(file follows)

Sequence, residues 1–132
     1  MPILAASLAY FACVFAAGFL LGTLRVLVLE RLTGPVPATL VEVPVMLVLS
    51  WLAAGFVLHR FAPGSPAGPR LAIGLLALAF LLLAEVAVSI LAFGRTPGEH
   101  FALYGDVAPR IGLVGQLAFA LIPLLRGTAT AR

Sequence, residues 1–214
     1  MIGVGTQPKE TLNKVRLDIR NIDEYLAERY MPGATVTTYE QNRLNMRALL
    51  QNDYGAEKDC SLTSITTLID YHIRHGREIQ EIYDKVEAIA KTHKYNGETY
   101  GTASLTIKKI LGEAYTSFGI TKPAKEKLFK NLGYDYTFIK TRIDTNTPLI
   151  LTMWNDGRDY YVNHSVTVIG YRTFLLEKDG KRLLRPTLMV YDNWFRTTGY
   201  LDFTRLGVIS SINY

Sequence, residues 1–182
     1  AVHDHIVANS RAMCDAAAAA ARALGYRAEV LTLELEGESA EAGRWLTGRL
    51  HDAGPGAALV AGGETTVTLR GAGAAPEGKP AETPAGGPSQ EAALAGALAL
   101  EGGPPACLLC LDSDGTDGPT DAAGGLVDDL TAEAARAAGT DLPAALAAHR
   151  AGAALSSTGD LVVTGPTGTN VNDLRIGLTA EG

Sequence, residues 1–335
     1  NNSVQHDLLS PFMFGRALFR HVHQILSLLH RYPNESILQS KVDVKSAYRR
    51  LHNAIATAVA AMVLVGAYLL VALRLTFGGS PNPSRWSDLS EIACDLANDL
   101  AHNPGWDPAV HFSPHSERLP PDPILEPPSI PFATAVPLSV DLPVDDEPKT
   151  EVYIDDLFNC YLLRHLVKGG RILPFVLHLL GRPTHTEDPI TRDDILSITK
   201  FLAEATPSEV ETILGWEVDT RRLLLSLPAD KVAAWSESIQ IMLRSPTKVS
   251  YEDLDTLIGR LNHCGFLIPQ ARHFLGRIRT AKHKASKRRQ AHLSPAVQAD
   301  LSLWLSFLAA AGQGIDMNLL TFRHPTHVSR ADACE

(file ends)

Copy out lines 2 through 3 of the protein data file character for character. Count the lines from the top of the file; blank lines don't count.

     1  MPILAASLAY FACVFAAGFL LGTLRVLVLE RLTGPVPATL VEVPVMLVLS
    51  WLAAGFVLHR FAPGSPAGPR LAIGLLALAF LLLAEVAVSI LAFGRTPGEH